THE Australian Federal Police define identity crime as ‘activities/offences in which a perpetrator uses a fabricated identity; a manipulated identity; or a stolen/assumed identity to facilitate the commission of a crime.
Identity fraud, also called identity theft, is a specific type of identity crime.
A criminal will use the identity of an individual as the means to nefarious ends.
That could mean opening credit cards in the victim’s name and using them with no intention of paying the bill, attempting to withdraw money from a victim’s bank account or another type of plot.
Identity crime can cause major problems. The financial aspect of it can’t be overlooked — unsurprisingly, no one wants to be exposed to a financial burden on their credit or savings account.
Unfortunately, the damage doesn’t stop there. Identity theft frequently involves actions that, although not the direct intent of the crime, can put negative marks on your credit report.
And that leads to a drop in your credit score. The last thing you need is to have a negative impact on your score which can reduce your chances at securing credit when you really need it, such as to purchase a home or car.
This can also be frustrating if you’ve put in significant time and energy into improving your credit score, just for it to be reduced by factors out of your control.
Protecting yourself Now that we know the impact that identity theft can have, here are three key steps you can take to keep your identity and finances protected.
There are proven steps you can take to reduce the chances of suffering from identity fraud.
While none of the suggestions offer complete protection, taking many of the steps outlined below can reduce your level of risk.
It’s important to remember that identity fraud can involve real-life documents as well as digital information, so a broad strategy is best.
Consider these three key steps: l Limit access to your mail and paper documents Physical documents can be a valuable source of information for identity thieves. You can make your mail more secure by:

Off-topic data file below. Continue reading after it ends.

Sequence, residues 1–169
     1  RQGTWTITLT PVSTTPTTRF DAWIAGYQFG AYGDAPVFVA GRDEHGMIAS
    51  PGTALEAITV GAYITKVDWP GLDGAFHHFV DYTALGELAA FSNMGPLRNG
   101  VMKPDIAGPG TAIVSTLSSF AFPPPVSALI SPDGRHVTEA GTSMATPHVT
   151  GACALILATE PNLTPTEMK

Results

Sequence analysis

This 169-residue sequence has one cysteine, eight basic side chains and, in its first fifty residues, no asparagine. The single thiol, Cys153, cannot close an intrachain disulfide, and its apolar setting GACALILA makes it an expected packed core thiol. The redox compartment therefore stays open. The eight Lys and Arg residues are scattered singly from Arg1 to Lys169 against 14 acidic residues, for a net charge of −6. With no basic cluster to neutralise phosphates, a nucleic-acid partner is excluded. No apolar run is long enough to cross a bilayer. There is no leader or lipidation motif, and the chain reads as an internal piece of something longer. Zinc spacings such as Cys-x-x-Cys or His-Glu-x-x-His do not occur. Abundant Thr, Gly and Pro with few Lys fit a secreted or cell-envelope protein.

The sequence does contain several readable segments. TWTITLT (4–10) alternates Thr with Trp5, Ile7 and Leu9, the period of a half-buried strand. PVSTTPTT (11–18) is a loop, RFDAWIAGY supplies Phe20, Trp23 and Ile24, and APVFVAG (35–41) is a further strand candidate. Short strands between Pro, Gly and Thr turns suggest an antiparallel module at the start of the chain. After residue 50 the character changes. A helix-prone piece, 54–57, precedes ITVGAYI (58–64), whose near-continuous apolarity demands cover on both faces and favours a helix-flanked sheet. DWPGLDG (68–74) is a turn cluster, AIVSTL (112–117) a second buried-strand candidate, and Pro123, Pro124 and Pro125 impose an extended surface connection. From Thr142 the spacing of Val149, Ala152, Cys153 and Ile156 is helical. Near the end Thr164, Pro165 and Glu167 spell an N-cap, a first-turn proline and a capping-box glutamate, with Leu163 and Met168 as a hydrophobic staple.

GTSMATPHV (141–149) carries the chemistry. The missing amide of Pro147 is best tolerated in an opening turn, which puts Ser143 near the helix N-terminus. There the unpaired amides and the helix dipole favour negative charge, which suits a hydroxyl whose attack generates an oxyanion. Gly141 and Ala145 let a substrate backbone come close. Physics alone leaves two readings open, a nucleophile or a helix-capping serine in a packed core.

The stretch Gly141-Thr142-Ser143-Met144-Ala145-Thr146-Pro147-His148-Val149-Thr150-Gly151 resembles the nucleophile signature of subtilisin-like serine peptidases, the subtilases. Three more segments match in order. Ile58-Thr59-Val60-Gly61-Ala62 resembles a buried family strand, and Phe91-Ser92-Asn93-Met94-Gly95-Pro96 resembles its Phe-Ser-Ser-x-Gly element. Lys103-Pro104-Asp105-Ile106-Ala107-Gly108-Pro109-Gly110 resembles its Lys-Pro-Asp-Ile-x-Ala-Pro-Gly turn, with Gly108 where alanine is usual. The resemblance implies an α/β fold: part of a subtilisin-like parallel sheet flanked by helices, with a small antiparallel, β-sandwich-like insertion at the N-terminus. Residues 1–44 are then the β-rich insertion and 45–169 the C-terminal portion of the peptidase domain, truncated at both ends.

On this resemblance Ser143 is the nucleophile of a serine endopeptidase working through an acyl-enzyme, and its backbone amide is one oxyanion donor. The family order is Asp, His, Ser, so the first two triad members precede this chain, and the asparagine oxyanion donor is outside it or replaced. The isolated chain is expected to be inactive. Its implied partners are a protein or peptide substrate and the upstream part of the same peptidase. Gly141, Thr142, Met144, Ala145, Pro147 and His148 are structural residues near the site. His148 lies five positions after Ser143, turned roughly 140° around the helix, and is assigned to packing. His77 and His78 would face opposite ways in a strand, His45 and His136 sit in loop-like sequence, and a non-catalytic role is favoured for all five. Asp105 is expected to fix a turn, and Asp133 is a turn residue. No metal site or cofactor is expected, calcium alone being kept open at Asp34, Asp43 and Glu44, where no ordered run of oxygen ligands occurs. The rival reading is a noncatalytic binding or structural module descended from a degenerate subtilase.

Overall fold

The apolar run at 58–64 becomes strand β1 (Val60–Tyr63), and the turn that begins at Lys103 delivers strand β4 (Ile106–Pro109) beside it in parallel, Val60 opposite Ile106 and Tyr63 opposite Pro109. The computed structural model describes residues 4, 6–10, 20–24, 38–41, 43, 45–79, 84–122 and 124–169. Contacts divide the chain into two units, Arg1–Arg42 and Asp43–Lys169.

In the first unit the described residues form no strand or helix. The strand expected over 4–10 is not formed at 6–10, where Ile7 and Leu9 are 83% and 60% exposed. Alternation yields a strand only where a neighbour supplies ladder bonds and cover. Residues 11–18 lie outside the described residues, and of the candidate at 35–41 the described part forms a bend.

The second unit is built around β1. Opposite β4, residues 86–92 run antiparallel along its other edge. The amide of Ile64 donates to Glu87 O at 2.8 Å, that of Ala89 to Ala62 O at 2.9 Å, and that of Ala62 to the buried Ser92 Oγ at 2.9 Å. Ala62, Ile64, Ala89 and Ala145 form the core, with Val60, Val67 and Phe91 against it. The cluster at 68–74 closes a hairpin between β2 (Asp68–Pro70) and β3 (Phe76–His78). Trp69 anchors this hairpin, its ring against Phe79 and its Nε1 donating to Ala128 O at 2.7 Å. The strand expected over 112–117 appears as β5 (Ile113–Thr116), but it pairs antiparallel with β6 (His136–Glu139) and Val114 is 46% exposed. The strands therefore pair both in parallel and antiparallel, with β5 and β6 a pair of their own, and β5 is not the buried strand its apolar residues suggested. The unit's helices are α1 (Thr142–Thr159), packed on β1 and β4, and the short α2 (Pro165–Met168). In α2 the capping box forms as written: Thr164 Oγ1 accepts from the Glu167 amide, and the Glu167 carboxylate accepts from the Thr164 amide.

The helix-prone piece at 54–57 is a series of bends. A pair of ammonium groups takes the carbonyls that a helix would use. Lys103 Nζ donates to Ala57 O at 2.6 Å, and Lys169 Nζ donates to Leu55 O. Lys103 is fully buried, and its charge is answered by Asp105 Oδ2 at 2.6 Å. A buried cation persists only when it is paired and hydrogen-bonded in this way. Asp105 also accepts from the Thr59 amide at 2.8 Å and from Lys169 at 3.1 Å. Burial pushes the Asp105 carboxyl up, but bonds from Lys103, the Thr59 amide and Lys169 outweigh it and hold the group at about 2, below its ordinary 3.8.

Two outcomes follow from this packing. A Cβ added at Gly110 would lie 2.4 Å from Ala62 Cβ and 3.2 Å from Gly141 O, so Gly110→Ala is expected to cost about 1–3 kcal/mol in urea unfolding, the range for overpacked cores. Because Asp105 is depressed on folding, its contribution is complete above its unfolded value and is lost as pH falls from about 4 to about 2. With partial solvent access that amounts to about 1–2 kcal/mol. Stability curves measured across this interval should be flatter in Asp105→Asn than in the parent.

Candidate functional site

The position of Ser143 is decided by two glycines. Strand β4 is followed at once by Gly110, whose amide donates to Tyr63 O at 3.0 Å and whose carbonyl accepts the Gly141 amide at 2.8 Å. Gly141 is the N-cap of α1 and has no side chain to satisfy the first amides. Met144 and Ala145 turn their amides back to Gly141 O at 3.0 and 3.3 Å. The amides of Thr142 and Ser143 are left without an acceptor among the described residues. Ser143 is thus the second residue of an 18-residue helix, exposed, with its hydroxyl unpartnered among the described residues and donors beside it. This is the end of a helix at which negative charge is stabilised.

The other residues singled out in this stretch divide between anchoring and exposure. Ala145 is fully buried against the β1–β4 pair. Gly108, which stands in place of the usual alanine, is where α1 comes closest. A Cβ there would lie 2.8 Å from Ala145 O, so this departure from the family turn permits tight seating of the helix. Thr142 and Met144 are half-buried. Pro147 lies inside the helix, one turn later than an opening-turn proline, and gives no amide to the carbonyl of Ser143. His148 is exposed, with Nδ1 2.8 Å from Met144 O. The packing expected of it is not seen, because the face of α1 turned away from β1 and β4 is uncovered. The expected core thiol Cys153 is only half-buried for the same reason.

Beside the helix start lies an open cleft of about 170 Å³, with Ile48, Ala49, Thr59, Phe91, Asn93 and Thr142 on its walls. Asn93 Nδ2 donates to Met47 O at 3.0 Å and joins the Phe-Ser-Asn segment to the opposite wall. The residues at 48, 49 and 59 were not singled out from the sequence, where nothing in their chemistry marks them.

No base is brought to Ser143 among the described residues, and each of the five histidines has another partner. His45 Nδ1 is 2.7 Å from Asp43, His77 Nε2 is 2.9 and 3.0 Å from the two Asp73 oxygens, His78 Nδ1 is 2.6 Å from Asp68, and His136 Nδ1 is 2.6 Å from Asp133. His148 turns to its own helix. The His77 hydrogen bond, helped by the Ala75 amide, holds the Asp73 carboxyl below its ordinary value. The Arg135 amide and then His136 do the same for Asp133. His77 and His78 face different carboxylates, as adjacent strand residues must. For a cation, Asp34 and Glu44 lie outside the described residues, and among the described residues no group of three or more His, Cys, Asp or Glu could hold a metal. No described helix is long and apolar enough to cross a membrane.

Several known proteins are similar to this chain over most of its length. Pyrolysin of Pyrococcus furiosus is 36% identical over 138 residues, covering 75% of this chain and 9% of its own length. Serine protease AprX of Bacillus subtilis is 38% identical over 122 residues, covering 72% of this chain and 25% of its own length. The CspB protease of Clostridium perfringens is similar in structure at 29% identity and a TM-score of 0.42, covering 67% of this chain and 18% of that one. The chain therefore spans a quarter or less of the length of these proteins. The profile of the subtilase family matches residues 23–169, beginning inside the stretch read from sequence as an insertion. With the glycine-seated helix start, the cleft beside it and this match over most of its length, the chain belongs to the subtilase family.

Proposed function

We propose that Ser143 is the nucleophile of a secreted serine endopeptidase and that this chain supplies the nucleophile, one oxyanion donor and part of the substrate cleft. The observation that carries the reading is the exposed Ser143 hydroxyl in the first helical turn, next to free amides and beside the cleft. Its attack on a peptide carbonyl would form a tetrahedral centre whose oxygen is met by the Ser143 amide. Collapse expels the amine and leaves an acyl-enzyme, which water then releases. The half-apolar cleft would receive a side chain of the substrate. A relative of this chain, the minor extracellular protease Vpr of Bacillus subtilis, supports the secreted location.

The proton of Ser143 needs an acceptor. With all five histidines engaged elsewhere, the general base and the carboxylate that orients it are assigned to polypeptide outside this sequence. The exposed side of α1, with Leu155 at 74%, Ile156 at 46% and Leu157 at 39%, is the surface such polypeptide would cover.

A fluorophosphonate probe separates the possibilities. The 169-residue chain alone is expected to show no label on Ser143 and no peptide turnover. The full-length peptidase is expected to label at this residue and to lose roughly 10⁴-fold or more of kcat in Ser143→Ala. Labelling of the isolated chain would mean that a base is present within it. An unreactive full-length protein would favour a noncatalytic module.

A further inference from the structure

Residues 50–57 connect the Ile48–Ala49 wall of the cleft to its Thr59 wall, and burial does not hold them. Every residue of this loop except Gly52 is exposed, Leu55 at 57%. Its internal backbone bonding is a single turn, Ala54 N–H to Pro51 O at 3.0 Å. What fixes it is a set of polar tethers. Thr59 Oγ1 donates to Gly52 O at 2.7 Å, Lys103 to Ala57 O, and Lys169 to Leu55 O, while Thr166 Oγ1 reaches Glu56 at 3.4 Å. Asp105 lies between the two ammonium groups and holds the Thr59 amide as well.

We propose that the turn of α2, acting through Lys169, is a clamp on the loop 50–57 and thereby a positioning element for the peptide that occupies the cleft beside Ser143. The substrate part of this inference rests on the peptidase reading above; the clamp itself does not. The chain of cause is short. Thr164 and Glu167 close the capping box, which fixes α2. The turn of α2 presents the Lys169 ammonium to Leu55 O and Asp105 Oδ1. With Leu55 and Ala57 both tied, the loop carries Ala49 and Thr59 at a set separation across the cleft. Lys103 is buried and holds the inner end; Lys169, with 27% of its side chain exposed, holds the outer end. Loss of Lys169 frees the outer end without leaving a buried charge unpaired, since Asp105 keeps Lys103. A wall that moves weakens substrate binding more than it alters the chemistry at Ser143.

- Installing a locked mailbox that is more difficult to access than the regular version.
- Putting a hold on your mail whenever you travel or will otherwise be away from home for a significant period of time.
- Promptly arrange for mail forwarding when you move, and update your address with every lender, utility provider and other business that sends you bills and other important information.
- Shredding or securing documents after you’ve reviewed them.
Making your digital activity more secure Digital information is a common starting point for criminals engaging in identity fraud. You can limit your risk by:
- Being careful about the things you do on unsecured wifi networks and public computers. Criminals can potentially access information sent through unsecured networks, so take care of banking and similarly sensitive tasks on a secure network.
- Thinking before you act when making purchases online. Only use secure sites (https://) and secure payment systems, make sure you’re using a company’s actual web address — as opposed to a lookalike URL created by a scammer — and keep an eye out for misspellings, odd formatting and other signs that a website may not be legitimate.
- Be aware of scams and phishing traps. Emails, text messages and phone calls from scammers often use pressure tactics to make people act before they think.
- You can verify the identity of the person sending the message or get in touch with the company they claim to represent before moving forward.
Credit score and credit reports:
Monitoring your credit report and signing up for credit score alerts from GetCreditScore can keep you more informed, meaning you’re ready to act if something goes awry.
Sign up to receive your free credit score from GetCredit- Score. Then, look out for alerts about changes to your credit score. A large change in a short period of time may indicate potential fraud.
Review the credit and identity products available from Equifax. You can request a free copy of your credit report every 12 months for a detailed review, as well as purchase additional protections like Identity Guard Insurance and/or Identity Watch which will alert you if your listed identity documentation numbers and passwords are circulating on the dark web.